LIFE


Pole position

Pole dancing sheds seedy image
to climb to new heights

LIFE


Pole position

Pole dancing sheds seedy image
to climb to new heights

An entrant in the men’s professional competition performs at Miss Pole Dance and Pole King Japan. CHISATO TANAKA

Participants drawn to artistic expression and healthy exercise


ANDREW MCKIRDY
Staff writer


Sixty-three-year-old Kiyoshi Ikehara mops his bald head with a towel, wipes his hands and grips the vertical pole.

With a sharp intake of breath he hauls himself up, grunting and straining as he climbs to the top. Once there he stops, clamps his thighs shut and quietly composes himself.

Then, as the rest of the class watches, he releases his hands and slowly lowers himself backward until he is completely upside-down. He stays there for several seconds, holding the pose with uncommon strength and grace.

It’s fair to say that the image of pole dancing has changed quite a bit in recent years.

“I started around three months ago,” Ikehara says, after an hour’s workout on a Friday night earlier this month in a beginners’ class at Pole Dance Studio Transform in Tokyo’s Shibuya Ward. “I used to do yoga to keep in shape. I started doing this for the sake of my body — for flexibility, muscle strength and balance. I thought it could help me with all that and I could also have fun doing it.

“I have a different image of it now, but when I tell my friends that I’ve taken up pole dancing they laugh,” he says. “They wonder why I’m doing it. They don’t think it’s something for a man to do. But then I tell them it’s just like when you were a kid climbing things, and that it’s actually a really tough sport.”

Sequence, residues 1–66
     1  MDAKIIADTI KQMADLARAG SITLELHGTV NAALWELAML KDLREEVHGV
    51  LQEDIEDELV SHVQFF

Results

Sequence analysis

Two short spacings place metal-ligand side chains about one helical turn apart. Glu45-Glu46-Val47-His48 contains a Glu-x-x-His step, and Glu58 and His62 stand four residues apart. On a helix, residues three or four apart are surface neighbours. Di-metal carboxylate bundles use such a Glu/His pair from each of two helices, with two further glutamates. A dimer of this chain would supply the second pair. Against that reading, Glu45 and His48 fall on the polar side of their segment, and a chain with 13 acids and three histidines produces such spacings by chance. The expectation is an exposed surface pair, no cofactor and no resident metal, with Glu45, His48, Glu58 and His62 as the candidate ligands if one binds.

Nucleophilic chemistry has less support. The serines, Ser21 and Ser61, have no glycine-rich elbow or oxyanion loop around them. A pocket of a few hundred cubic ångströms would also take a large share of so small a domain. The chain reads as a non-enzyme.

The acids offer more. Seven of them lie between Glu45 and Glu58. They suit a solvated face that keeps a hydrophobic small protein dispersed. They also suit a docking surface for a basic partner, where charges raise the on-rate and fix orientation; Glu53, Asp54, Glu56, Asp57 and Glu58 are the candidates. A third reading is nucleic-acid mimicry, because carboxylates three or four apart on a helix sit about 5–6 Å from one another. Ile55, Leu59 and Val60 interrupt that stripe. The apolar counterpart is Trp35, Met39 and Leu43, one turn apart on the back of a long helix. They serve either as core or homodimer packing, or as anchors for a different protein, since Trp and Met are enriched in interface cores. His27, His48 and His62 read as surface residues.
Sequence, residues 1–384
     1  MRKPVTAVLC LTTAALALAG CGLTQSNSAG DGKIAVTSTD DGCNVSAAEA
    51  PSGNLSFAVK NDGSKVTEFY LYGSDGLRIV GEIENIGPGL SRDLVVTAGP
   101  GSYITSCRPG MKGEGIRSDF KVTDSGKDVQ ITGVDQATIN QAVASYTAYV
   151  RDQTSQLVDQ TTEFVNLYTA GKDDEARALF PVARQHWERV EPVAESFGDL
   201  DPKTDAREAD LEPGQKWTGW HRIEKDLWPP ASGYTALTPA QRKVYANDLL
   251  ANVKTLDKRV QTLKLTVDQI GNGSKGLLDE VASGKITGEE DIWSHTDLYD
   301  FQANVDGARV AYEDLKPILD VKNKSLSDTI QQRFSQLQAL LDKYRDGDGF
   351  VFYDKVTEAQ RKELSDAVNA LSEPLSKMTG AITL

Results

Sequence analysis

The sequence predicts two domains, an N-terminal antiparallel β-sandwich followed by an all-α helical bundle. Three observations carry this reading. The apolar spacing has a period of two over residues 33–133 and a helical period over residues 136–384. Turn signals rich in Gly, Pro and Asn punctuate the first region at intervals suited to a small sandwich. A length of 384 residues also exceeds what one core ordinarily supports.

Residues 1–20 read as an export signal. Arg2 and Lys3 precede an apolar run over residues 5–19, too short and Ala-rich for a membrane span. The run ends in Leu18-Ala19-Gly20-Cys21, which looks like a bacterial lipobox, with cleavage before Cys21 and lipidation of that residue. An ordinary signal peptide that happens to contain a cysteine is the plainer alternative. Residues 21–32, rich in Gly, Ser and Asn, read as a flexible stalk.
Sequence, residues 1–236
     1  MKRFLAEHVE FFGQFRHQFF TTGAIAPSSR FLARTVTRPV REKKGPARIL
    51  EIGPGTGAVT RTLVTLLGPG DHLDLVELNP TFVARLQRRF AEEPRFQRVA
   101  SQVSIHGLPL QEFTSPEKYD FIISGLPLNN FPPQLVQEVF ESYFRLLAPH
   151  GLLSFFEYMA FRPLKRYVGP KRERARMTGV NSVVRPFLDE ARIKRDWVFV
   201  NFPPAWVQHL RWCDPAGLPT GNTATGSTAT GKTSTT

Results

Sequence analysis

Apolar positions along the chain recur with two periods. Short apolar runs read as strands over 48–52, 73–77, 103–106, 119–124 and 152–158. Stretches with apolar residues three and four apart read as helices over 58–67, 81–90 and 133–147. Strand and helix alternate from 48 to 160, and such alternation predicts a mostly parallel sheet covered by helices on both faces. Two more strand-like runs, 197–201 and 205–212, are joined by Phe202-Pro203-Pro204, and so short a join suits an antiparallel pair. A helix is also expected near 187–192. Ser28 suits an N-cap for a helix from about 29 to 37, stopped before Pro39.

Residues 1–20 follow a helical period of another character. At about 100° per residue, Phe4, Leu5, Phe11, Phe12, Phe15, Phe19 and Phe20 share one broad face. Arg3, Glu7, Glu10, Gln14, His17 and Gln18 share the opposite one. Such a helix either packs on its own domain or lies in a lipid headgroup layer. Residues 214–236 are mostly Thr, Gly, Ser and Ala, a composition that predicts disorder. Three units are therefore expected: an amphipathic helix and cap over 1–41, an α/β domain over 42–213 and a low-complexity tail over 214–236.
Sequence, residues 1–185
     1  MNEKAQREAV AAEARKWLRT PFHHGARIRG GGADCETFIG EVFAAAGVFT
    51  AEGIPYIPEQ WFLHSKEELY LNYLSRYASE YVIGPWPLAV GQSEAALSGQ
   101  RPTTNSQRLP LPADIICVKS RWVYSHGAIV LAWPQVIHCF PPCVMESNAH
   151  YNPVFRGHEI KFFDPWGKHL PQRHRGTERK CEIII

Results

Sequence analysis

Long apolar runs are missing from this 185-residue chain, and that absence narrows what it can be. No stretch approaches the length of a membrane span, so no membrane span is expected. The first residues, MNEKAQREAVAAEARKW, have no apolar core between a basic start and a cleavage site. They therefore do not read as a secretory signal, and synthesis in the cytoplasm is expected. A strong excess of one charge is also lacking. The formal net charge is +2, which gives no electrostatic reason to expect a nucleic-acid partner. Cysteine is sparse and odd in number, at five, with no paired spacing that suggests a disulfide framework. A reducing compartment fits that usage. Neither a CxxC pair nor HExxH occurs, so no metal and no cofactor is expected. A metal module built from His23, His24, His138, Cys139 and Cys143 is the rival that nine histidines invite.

Pole dancing’s origins in strip clubs and exotic bars means it has long been saddled with a seedy reputation, but times are changing. Several studios have sprung up around Japan in recent years, offering lessons for men, women and children, with an emphasis on healthy exercise, artistic expression and wholesome fun.

Participants range from beginners looking for a new hobby like Ikehara to professionals like Kaori Ozawa, the owner of Transform and director of the Japan Pole Dance Association. Competitions are widely held around the world, and in October last year the International Pole Sports Federation was granted observer status by the Global Association of International Sports Federations, paving the way for pole dancing to potentially appear in the Olympics one day.

“It’s becoming more popular,” says Ozawa. “The reason I know that is because the traditional mainstream media has picked up on pole dancing. People are seeing it more often now. People are becoming aware that it’s not just something sexy. It has become viewed as another performing art.

“It used to be seen as something sexy performed in bars and nightclubs,” she says. “But if you watch it you will understand that you need muscle strength, you need skill and you need to practice.”